Definition of underscore in English:

underscore

noun

Pronunciation /ˈʌndəskɔː/
  • 1A line drawn under a word or phrase for emphasis.

    dash, rule, bar, score
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    1. 1.1 (on a computer or typewriter keyboard) a short horizontal line _ on the baseline.
      • ‘Variable names always start with a dollar sign and then have the variable name, which can have letters, numbers, or underscores but can't start with a number.’
      • ‘My browser at work won't accept URLs with underscores in them, so I always had to wait until I got home to catch up with Dawn's escapades.’
      • ‘Well, the underscore, to the best of my knowledge was used in computer programming when a space wouldn't do; when a space would confuse the program.’
      • ‘The import filter offered to replace the hyphen with an underscore character, and other than the name change, the file read perfectly.’
      • ‘For example, maybe you really hate typing underscore characters, so you don't use them when naming database tables or named constants.’
      • ‘Make sure you include a hyphen or underscore between each word.’

verb

[WITH OBJECT]
Pronunciation /ʌndəˈskɔː/
  • 1Underline (something).

    • ‘It was not uncommon for respondents to heavily underscore the words ‘secure job with a pension’ in their answers to my question about why they went to university.’
    mark, pick out, emphasize, highlight
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    1. 1.1 Emphasize.
      ‘the company underscored the progress made with fuel cells’
      • ‘The ‘it-girl’ persona underscores what is valued in the public sphere for women, namely wealth, beauty, and social status.’
      • ‘That is certainly true, although it underscores the somewhat narrow focus and reach of his analysis.’
      • ‘It's a handsome house carefully attended by a mindful gardener who simply underscores its unfussy character.’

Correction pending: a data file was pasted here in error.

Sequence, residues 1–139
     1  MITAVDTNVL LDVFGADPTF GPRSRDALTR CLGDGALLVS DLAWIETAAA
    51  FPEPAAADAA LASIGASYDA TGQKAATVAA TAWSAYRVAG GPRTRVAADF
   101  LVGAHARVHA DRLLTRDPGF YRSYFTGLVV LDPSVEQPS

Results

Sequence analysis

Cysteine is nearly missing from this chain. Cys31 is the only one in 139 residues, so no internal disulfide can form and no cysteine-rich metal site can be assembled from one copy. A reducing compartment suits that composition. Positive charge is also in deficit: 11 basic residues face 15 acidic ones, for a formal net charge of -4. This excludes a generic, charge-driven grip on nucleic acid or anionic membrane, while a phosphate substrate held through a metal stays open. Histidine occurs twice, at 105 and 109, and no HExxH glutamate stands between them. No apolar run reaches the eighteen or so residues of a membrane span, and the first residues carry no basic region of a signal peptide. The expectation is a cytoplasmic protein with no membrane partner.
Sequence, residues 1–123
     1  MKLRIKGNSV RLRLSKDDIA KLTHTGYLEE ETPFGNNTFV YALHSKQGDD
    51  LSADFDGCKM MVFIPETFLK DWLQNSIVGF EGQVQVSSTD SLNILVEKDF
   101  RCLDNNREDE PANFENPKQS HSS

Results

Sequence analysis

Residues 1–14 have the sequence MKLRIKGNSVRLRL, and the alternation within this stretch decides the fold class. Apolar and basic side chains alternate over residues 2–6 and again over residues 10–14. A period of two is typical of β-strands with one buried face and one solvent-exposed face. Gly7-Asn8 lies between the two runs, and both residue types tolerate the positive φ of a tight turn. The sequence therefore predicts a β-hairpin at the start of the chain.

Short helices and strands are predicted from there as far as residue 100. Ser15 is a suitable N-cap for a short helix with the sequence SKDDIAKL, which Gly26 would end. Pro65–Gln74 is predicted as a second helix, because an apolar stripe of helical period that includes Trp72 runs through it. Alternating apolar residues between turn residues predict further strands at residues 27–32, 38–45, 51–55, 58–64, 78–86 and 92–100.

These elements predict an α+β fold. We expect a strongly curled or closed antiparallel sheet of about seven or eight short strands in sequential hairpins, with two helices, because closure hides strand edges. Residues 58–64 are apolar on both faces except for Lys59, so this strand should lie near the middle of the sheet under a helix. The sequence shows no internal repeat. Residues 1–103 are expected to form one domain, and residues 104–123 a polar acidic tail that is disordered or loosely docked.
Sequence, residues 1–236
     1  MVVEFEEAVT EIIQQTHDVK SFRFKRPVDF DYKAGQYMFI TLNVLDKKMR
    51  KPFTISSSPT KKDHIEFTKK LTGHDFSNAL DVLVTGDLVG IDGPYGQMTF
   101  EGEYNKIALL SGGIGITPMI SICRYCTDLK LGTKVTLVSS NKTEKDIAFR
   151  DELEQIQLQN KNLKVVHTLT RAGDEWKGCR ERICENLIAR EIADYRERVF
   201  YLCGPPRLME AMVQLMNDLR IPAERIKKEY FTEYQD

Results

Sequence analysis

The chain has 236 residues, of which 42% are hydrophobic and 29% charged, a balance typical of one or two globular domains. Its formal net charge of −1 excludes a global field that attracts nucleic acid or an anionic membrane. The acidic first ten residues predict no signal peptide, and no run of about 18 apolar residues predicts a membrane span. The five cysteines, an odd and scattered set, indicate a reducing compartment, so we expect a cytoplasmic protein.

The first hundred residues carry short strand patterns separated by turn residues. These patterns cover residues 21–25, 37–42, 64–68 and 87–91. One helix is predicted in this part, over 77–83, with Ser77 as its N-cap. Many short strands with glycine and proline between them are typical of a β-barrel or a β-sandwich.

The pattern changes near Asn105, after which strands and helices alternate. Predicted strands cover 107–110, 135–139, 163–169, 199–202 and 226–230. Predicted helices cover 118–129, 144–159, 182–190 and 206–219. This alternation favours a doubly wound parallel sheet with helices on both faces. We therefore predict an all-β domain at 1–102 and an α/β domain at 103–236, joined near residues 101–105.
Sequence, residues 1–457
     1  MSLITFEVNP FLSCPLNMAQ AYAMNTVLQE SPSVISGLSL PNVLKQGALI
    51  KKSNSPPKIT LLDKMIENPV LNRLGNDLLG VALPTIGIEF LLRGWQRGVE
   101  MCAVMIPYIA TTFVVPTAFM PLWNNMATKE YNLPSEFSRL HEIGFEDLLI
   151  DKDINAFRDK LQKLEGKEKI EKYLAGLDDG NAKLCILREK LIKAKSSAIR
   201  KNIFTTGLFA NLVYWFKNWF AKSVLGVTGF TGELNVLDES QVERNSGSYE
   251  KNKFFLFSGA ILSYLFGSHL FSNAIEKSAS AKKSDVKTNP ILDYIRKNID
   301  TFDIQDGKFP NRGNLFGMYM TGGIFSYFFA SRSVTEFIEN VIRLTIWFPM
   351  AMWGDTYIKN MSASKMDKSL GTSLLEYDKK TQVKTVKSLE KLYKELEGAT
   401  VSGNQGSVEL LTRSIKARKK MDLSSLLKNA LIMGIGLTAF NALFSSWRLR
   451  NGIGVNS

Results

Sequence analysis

• ‘Even as he recounts over 30 years later that I lost one patient during that epidemic, one is conscious of the sense of regret which underscores the words.’
      • ‘What this underscores is that the strategic significance of a region depends ultimately on the extent to which it gets caught up in the interactions of great powers.’
      • ‘The decision underscores once again, however, that for the Supreme Court, the rights of young people are shredded when they walk through the schoolhouse gates.’
      • ‘But this awful moment, haunting in an overt way, only underscores what the rest of the film does not do - make you care a whit about what happens to Cal.’
      • ‘During the poetry reading sessions, she acknowledges her audience by frequently underscoring important words both with a vocal change and a head movement towards or away from her listeners.’
      • ‘The tug of cultural anthropology and sociology is strong here, and underscores food as symbol and metaphor, a cultural numerator essential to the human equation.’
      • ‘Your comment underscores for me why I think a movie using special effects would be an obscenity.’
      • ‘The episode underscores just how furious - and arrogant - big media owners can get when journalists challenge their prerogatives and power.’
      • ‘Jack underscored his words by sending Adam sprawling to the ground with another push.’
      • ‘‘This review underscores just how seriously these budget cuts are impacting the university,’ Allen said.’
      • ‘The research underscores, for example, the importance of people's being motivated to become a part of the host culture, of having a strong sense of self and of finding a cultural mentor.’
      call attention to, focus attention on, focus on, spotlight, foreground, underline, feature, point up, play up, show up, bring out, accentuate, accent, give prominence to, bring to the fore, zero in on, bring home to one, stress, emphasize, place emphasis on, give emphasis to
      View synonyms

Pronunciation

underscore

Noun/ˈʌndəskɔː/

underscore

Verb/ʌndəˈskɔː/